If there was any doubt about the fearsome power of an anti-immigration message in American politics this election cycle, Republican Bob Latta drove a stake through it on Tuesday.
It’s hard to imagine a more miserable political climate for Republicans — hurting nationally because of the unpopularity of President Bush and the Iraq war, and even more in Ohio because of the economy and local factors that have knocked the GOP off its game over the past two years.
But Latta, running in a special election for a suburban Toledo-based House district, crafted a message — echoed by party officials — that bashed illegal immigrants who live here, drive here or get government-funded health care.
He won by 14 points. Democrats and Republicans alike credit the immigration message for the big margin.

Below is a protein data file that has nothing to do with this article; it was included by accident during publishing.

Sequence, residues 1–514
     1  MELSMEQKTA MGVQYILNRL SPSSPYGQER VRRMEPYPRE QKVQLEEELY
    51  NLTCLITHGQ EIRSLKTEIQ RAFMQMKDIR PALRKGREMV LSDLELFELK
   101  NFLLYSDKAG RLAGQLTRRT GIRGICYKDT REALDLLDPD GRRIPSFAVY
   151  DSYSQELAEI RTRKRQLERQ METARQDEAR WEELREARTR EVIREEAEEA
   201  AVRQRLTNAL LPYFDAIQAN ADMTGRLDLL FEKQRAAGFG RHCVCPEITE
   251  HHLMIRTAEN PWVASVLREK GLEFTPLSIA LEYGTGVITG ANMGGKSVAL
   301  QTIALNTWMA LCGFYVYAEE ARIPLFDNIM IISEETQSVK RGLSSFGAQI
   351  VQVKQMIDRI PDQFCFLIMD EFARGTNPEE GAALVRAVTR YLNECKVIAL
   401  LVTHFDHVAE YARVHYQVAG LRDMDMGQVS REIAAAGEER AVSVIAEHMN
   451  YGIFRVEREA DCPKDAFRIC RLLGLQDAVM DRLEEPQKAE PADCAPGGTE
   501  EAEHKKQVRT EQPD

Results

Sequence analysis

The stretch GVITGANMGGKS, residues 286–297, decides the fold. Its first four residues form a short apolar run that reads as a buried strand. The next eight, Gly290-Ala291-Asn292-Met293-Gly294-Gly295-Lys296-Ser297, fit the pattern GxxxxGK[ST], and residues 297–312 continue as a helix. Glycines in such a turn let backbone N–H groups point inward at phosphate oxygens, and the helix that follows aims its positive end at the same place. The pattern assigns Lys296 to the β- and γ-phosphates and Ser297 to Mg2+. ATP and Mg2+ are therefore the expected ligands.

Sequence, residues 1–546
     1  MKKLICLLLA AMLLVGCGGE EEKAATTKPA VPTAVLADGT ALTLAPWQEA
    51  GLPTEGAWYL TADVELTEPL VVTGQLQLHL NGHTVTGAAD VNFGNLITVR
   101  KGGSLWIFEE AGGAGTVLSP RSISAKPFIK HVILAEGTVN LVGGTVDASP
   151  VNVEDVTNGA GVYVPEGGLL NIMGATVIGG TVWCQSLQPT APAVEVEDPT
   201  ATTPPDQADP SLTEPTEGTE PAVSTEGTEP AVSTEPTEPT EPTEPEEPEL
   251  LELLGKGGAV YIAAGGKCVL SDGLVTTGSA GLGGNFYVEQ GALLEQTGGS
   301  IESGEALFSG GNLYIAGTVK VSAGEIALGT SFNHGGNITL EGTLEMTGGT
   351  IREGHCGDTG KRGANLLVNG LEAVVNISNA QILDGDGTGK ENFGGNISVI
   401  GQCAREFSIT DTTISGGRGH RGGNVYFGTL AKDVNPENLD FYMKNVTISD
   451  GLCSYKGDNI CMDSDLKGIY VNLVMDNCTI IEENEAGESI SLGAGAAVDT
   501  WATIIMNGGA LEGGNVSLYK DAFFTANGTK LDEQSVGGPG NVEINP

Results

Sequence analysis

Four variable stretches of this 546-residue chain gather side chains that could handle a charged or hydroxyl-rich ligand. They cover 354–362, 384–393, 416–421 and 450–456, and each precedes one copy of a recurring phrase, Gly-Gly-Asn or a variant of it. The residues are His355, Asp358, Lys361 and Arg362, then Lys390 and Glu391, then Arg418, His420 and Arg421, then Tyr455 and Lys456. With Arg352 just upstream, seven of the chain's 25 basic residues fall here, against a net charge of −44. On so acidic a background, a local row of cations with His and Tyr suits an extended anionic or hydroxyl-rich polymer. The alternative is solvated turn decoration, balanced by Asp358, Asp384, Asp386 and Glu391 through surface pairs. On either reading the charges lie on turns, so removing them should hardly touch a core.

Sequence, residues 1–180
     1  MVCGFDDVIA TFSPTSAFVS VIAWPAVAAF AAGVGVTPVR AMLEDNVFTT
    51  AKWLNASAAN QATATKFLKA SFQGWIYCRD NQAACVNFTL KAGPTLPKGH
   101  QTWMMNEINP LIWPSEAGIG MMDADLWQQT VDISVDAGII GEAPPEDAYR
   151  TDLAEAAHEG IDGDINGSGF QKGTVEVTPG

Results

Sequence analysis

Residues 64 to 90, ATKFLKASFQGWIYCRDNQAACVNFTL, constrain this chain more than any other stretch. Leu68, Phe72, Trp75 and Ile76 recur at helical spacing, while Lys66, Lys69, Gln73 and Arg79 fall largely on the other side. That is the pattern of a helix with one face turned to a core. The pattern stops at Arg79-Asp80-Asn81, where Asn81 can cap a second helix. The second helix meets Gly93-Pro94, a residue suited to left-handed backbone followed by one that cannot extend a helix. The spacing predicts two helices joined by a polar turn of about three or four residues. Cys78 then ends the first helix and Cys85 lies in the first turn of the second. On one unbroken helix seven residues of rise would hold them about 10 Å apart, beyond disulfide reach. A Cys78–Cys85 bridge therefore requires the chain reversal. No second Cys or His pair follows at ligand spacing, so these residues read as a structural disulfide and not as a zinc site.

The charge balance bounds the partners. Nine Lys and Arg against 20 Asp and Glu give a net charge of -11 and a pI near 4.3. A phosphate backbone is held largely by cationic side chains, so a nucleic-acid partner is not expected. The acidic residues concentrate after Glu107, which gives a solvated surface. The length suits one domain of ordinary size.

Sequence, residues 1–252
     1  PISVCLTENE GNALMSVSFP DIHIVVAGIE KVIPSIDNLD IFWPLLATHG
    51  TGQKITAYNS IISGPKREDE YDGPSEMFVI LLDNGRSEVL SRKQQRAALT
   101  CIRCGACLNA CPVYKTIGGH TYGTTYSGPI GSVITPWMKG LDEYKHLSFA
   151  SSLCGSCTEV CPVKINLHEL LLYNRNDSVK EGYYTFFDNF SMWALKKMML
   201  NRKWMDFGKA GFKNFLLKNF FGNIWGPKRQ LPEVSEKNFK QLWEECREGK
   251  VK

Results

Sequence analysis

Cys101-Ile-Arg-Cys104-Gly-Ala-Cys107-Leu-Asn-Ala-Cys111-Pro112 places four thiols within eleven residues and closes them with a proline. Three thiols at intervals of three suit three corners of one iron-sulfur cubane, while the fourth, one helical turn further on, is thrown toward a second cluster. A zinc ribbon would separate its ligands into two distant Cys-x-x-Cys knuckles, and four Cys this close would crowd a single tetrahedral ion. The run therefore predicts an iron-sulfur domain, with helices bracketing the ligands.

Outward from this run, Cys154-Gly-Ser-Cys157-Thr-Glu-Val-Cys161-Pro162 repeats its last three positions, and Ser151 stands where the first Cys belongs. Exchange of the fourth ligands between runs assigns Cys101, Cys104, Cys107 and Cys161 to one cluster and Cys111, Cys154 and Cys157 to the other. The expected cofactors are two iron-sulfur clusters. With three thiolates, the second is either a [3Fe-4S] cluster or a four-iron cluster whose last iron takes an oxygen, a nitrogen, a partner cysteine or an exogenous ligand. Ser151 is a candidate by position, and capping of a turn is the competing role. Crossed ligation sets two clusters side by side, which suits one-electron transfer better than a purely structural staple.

I should be gratified, and I am, but the natural pessimist in me fears that the idiot politicians will overdo it with “Listen, Jose, you’re not coming in this time!” hyperbole. The potential problem is not really the Hispanic vote, which is too small and diverse to be of much consequence in any case, but rather other Americans, who want the laws enforced and immigration reduced, but don’t want to feel bad about themselves for wanting that. That’s why a strategy of attrition of the illegal population and a “fewer immigrants but a warmer welcome” approach to legal immigration is not just the best policy but also the best politics.